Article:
How many times have you moved in your life? Plenty, if you’re like the average American. Every year, one in five families decide to pull up stakes and move to new digs. That means if you live the average 78 years (give or take a couple months), you can expect to face one of life’s biggest organizational challenges approximately 11.7 times, according to 2011 U.S. Census Bureau data. That’s a lot of boxes, packing tape, and wondering where you put the coffee maker. Here are a few things to add to your moving checklist in order to ensure a smooth move for every one of those 11.7 (or more) times.
Creating Your Moving Notebook
Cynthia Ewer, editor for the website Organized Home, is a big fan of the dedicated moving notebook. “Get one with big pages, one for each day, and throw in some business card holders, zipper pouches and receipt envelopes,” she advises. Ewer says you’ll use it for everything – from keeping track of phone numbers and paint and fabric swatches, to receipts, road maps and the myriad of details you jot down on scraps of paper and can never seem to find when you need them. With a single big binder (get a brightly-colored one and label it) you’ll always know where to look.
Create Your Own Labels
Ewer is also a cheerleader for a realistic labeling system that won’t result in dozens of boxes with “miscellaneous” scrawled on them. Use your computer and the biggest box of cheap labels you can find. She recommends you print out large quantities of labels for every room – more than a couple hundred per room is not too many. As each box in a room is packed, Ewer says to slap a label on the upper left-hand corner on each side of the box. That way, you won’t need to flip boxes over and over to find the label. This is a great tip that will save time, frustration and sore muscles.
Use Wardrobe Boxes
Interior Decorator Coral Nafie is an enthusiast of wardrobe boxes. Not only are they ideal for clothes you don’t want to fold, Nafie says they’re also “perfect for bulky, lightweight items such as comforters, pillows, and blankets…[and as] closet storage boxes, shoe boxes, and other bulky items such as fabric bolts, large baskets, or gift wrap tubes.” Don’t know how many you’ll need to order? Nafie suggests you ask your mover for the width of the wardrobe box they’ll be using, then measure the clothes hanging in your closets and divide the total by the box width. For example, if the boxes are 3 feet wide and you have 12 feet of clothes, you’ll need four wardrobe boxes.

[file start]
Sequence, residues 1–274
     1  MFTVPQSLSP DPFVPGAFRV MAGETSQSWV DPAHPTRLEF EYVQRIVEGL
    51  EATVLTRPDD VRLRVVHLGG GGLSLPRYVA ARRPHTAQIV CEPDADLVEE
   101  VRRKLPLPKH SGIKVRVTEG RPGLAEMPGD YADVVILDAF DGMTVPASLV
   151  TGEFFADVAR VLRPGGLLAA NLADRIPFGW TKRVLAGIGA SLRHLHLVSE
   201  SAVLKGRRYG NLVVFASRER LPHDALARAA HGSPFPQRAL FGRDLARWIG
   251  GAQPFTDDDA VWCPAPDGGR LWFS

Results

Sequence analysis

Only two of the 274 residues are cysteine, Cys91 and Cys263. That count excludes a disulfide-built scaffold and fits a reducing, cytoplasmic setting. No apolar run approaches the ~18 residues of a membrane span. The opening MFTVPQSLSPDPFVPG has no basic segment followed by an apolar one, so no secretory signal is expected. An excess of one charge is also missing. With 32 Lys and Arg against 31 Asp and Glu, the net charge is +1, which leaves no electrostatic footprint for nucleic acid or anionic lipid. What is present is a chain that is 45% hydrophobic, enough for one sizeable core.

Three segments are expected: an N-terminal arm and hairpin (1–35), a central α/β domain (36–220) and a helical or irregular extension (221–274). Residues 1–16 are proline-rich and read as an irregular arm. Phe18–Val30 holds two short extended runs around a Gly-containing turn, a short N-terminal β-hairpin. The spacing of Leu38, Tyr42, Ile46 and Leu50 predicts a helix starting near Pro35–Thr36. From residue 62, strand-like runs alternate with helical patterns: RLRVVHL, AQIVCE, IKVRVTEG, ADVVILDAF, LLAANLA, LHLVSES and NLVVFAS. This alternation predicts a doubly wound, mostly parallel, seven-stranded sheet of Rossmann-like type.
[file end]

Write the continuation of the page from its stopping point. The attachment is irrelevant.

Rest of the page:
Plan Your Packing Strategy
Amanda Arnold, editor for TLC’s How Stuff Works website, weighs in on the proper way to go about actually packing.
- Pack by the room. Keep similar items together. In addition to the room label Ewer recommends, Arnold suggests noting specific contents on the box, along with your name and an arrow indicating which side is up. Don’t forget to write “fragile” if breakables are inside.
- Use the right packing techniques. When putting a box together, Arnold says you should, “tape the seam on the bottom, and you should run a piece of tape perpendicular to that seam. Pad the bottom of the box with newspaper and stuff the sides with extra paper to really make the bottom solid.” Then fill the box as full as possible, using additional packing material to keep things from shifting and to prevent boxes from collapsing when they are stacked on top of each other.
Remember to keep important papers and valuable items with you. If you have to pack valuables, Nafie suggests you bury them in a box with an unappealing label that won’t entice thieves. Instead of “Family Heirloom Silver”, try “Bathroom Cleaning Supplies”.
Keep Essentials Nearby
Ewer recommends you pack your essentials last in special boxes that contain those things you, your family members and pets will need to get by during and immediately after the move. Then do whatever it takes to make those boxes stand out from the rest. After all, you don’t want to be looking through a mountain of plain brown cardboard containers when your 3-year-old is screaming for her security blanket and teddy bear.